N.J. Picone & Associates, Inc. has answers to "Frequently Asked Questions"
Define the term "Appraisal"
Define the term "Appraisal"(See list of FAQ's) An appraisal is an investigation allowing the appraiser to come to an opinion of value. The real estate appraiser will typically use a several "approaches," typically three, to arrive at the estimation of market value. The Cost Approach is one of the processes that real estate appraisers use to find value; it involves finding what the improvements would cost less physical degradation, plus the land value. Another of the processes is the Sales Comparison Approach - which deals with finding a comparison to other similar nearby properties which have recently sold. Usually, the Sales Comparison Approach is the most definite indicator of market value of a residential property. The third approach is the Income Approach, which is of most importance in appraising income producing properties - it deals with estimating what an investor would pay based on the capital produced by the property.
What does an appraiser do?(See list of FAQ's) An appraiser generates a fair and credible opinion of market value, often in the context of a real estate exchange. Appraisers show their professional investigation in appraisal reports.
What would cause me to request services from N.J. Picone & Associates, Inc.?(See list of FAQ's) There are a lot of reasons to obtain an appraisal from N.J. Picone & Associates, Inc. with the usual reason being real estate and mortgage transactions. A few other reasons for purchasing an report include:
What is the difference between an appraisal and a home inspection? (See list of FAQ's)Appraisers do not do provide residential property inspections and are not home inspectors. A third-party home inspector will investigate the structure of the home, from the top to the bottom. For the most part, a home inspection report will explain the amenities and the necessities of the home: air conditioning (weather permitting), electrical services, the condition of the heating system, the plumbing; then the structural capacity of the home such as the attic, exposed insulation, walls, floors, ceilings, windows, then the foundation, basement and visible structures.
What is the difference between an appraisal and a comparative market analysis (CMA)?(See list of FAQ's) To be blunt, it's like comparing broadband and dial-up. What the CMA relies upon are ill-defined trends. Appraisals use similar sales which are verifiable resources. The appraisal report will also include area and construction prices. All a CMA does is generate a "ball park figure." Being a documented and carefully investigated opinion of value, appraisals are defensible and stand up in legal situations.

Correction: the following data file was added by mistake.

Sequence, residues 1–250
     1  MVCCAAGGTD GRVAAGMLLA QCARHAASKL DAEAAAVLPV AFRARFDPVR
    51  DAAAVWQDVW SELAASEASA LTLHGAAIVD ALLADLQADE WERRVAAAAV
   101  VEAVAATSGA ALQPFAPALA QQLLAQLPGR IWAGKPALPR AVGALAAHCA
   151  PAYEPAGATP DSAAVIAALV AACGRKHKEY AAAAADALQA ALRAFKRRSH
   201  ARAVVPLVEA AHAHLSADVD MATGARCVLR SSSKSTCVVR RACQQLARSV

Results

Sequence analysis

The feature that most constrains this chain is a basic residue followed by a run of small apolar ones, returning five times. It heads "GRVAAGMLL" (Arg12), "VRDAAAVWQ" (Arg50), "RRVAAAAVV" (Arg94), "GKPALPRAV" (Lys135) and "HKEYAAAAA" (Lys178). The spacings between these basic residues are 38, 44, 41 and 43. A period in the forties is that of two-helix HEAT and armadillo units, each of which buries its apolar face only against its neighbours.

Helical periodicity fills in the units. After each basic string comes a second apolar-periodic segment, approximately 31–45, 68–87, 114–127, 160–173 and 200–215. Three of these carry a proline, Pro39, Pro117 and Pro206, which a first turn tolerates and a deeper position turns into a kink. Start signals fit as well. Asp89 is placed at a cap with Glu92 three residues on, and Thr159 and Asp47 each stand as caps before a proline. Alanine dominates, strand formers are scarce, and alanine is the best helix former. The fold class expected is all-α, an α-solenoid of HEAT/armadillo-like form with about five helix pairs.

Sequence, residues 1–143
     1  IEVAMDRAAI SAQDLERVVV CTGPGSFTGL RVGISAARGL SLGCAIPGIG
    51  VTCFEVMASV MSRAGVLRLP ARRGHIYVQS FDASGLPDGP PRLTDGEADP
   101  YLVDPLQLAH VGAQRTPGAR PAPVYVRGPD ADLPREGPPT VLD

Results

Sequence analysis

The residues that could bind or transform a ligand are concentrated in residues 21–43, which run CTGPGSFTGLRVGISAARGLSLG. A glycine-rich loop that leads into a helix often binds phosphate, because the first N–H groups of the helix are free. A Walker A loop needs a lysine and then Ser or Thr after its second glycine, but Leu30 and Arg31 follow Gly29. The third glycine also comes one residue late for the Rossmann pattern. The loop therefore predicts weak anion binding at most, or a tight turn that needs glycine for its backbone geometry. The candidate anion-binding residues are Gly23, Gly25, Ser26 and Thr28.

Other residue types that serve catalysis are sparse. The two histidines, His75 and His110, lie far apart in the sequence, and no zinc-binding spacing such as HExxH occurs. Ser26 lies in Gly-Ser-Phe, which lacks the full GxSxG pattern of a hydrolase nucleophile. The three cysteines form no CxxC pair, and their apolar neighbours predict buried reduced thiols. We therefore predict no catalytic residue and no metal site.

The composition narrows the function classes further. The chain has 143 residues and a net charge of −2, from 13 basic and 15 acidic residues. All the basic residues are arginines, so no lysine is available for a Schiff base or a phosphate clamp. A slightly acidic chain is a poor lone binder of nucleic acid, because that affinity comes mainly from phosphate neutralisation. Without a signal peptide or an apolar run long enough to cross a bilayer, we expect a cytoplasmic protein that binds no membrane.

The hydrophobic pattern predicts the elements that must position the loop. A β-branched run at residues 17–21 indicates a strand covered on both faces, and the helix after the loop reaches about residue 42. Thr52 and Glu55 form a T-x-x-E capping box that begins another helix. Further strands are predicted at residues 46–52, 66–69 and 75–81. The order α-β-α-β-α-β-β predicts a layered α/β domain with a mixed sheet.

Who's creating the report is actually the biggest difference between a CMA and an appraisal. A CMA is created by a real estate agent who may or may not have a true grasp of the market or valuation concepts. A certified, Ohio licensed professional who has formed their livelihood on valuing homes in and around Cuyahoga County creates the appraisal. Likewise, the agent has something at stake since they get a commission based on the property's selling price - their commission - whereas the appraiser is bound by a code of ethics to accept a previously agreed upon sum for work they perform, regardless of their value conclusion.
What can I expect to see in my appraisal report? (See list of FAQ's)Each report should indicate a believable value opinion and must identify the following:
Once the assignment has been delivered, how can I have confidence that the final number is trustworthy?(See list of FAQ's) In the documentation of an appraisal, each appraiser must see to it that each of the items below are covered:
Who employs appraisers?(See list of FAQ's) Typically, appraisers are employed by lenders to render a value opinion on a house involved in a loan transaction - to make sure the house is indeed adequate collateral for the loan. Appraisers also provide opinions for legal settlements, tax matters and investment decisions.
Where does N.J. Picone & Associates, Inc. get the data used to estimate values in Cuyahoga County or other areas?(See list of FAQ's) One of the primary activities of an appraiser is to assimilate data. Data can be classified as either Specific or General. Specific data is gathered from the property itself; Location, condition, amenities, size and other specifics are noted by the appraiser while on site.